11/04/2013 01:20 PM

Jeff Gordon should not be in “The Chase” and that race was boring as hell, sadly.

11/04/2013 02:09 PM

Sully, if Gordon doesn’t belong, neither does Bowyer.

Jim R
11/04/2013 02:18 PM

You folks don’t want stock car racing, you want theater. You want to see a play not a race. On Sunday, you saw what perfection on the race track looked like. Instead of marveling at seeing a 300 game in bowling or a pitcher throwing a perfect game in baseball, you idiots sit around complaining how boring everything was. You call your selves “fans”, nothing could be further from the truth. You want excitement, go to a WWE event, they have everything planned out for your enjoyment. PS, I’m a Kenseth fan and I was on the edge of my seat the whole race.

11/04/2013 02:21 PM

Gina, you are delusional if you think Brian France added him to the Chase because he thought he could win. France could care less about that. Gordon in the Chase was far more lucrative for him than Jeff out, and he found a way to get him in.

Just look at all of the decisions France has made since he’s had the reigns. All based on money, which is why Nascar is in the poor shape it is right now.

By the way Tom, its not the tracks that are the problem, its the car. Texas is not the only place that has single file borefests disguised as a Cup race. The trucks put on a decent show every track they go for the most part, so its not the track.

11/04/2013 02:25 PM

The chase is just a hokey publicity stunt. It should be called “Chase for the big pot of money”. The point system has the same problem the Latford system had. It is a welfare system to make everyone close. There is almost no advantage to win. You can lose a ton of points but you can only make them back one at a time. Asterisk, big deal.

11/04/2013 04:31 PM

Gina, you make it personal, its your favorite driver(extremely obvious with your bias glasses always glaring in your posts, thats o.k.). I have never been a fan of Gordon, but that’s my cross to bear. With that said however, you do not change rules in the middle of the game no matter who it is, no matter what happened. It weakens the integrity of the sport. What sport does that? That action solidifies the opinion of many that BZF and Nascar has a special relationship with HMS, to the exclusion of other teams. And this is one example. I don’t care about Bowyer or Newman or my mailman in this instance, it was wrong period and the sport looses credability all around.

11/04/2013 04:48 PM

Steve, no, I’m not delusional, I know that BZF didn’t add him out of the goodness of his heart or “fairness”. He added him because of the $ that Gordon in would bring in from all of his “bias glassed” fans. Yeah, Sully, I hear you and I’m aware of it, but I’ve taken a lot of heat for my choice of favorite over the years and I am not going to give it up now.

Once upon a time, having a favorite driver and caring a lot each week was what MADE NASCAR interesting, along with the racing.

Jim, no I don’t want theatre, I want to see an actual race – with passing – not a follow the leader event or one where there is only 1 great car – which is what NASCAR Cup races have become. The rivalries on the track made it interesting – now the drivers are all “team mates” or buddies. Yuck.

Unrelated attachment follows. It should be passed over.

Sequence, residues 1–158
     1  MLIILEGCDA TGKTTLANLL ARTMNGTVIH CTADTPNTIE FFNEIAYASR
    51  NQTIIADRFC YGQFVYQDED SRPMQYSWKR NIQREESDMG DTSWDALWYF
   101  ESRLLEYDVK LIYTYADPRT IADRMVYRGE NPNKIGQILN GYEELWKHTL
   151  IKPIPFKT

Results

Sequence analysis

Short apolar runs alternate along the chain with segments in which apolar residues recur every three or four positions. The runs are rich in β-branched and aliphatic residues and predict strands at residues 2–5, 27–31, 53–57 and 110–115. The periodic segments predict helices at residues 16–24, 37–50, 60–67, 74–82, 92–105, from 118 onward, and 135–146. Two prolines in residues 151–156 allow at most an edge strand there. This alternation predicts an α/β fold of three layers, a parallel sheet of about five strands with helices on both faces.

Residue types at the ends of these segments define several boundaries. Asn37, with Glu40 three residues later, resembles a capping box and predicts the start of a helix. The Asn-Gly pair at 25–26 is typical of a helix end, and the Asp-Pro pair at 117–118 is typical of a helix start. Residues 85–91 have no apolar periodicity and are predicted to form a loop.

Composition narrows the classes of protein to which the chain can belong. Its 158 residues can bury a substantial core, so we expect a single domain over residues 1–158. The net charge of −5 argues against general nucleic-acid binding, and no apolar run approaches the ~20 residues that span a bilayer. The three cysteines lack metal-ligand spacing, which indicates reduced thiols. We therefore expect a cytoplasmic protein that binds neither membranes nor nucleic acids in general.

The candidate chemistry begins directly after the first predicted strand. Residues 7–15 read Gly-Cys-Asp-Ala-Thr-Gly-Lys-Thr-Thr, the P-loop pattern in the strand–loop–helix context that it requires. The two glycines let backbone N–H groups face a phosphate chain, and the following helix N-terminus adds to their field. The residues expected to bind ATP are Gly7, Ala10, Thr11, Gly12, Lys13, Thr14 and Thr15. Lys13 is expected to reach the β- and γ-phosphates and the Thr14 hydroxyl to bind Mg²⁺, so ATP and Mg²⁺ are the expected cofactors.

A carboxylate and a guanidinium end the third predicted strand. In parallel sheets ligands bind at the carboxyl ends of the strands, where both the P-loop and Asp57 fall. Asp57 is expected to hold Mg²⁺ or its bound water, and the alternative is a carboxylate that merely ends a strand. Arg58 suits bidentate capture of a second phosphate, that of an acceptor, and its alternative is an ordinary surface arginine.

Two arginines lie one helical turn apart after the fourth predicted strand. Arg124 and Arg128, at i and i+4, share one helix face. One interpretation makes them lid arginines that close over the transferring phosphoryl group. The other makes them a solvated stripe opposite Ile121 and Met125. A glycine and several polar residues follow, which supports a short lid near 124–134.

Fed UP
11/04/2013 05:24 PM

I watched the “race” during NFL commercials. It was all about the chase not the race. They only focused on a few cars and left most of the field uncovered. It amazing that 2/3 of the field can maintain sponosors. ESPN has also started showing the in car shot of the driver which gets boring in about three seconds. Why not show a second shot of someone further back?
Get rid of the chase!

Tom Dalfonzo
11/04/2013 06:16 PM

After what happened yesterday, the Circuit of the Americas should be a shoo-in for a NASCAR Cup Series race.

11/04/2013 07:06 PM

“only to slice through traffic as if there was a booster jet attached”

It’s been like that for years. But it is “Brian legal.”

11/04/2013 07:23 PM

FedUp, I agree with you. Heck they even started earlier this year, they started talking Chase at the 500 in February, then they talk talk talk about it. It’s just the HMS drivers in The Chase that they talk about mostly. Heck Logano knocked off a few top 5’s and two times they did not interview him and he got a small nod yesterday, and the nod was that they were not talking about him and they said it, he ran up front all day. Matt gets a mention because he is Jimmies “rival” Silly stuff.

Brian and Rick made sure all of the HMS drivers were in the Chase and that’s who they concentrate on. It’s not good for the economic health of the sport.

11/05/2013 07:19 AM

@Jim R…GREAT post!

Jim R
11/05/2013 02:07 PM

Thank you, HankZ!!

Gina, There was lots of passing going on. Johnson passed a lot of the field several times. Now I will concede that if the field starting a race was 30 cars instead of 43 cars, there would be a lot less passing. I think the rules packages currently in effect makes the cars pretty much equal. It is what the teams and their driver do with those packages that can make the difference. I agree with you that multi-car teams create certain “situations” that detract from the real purpose of the sport and I would prefer seeing a maximum of two cars from the same owner but that will never happen as long as sponsors contribute the money.


Contact Tom Bowles

Recent articles from Tom Bowles:

Did You Notice? ... A Return To Richmond, Post-Spingate And Quick Hits
Did You Notice? ... Breaking Down A Sprint Cup Season Eight Races In
Did You Notice? ... Drivers Still Make A Difference... But Silly Cautions Don't
Did You Notice? ... NASCAR's Free Agent Lynchpin, Uncomfortable Reality And Gambling
Did You Notice? ... Toyota Trouble, Limping Into Action And Testing The Waters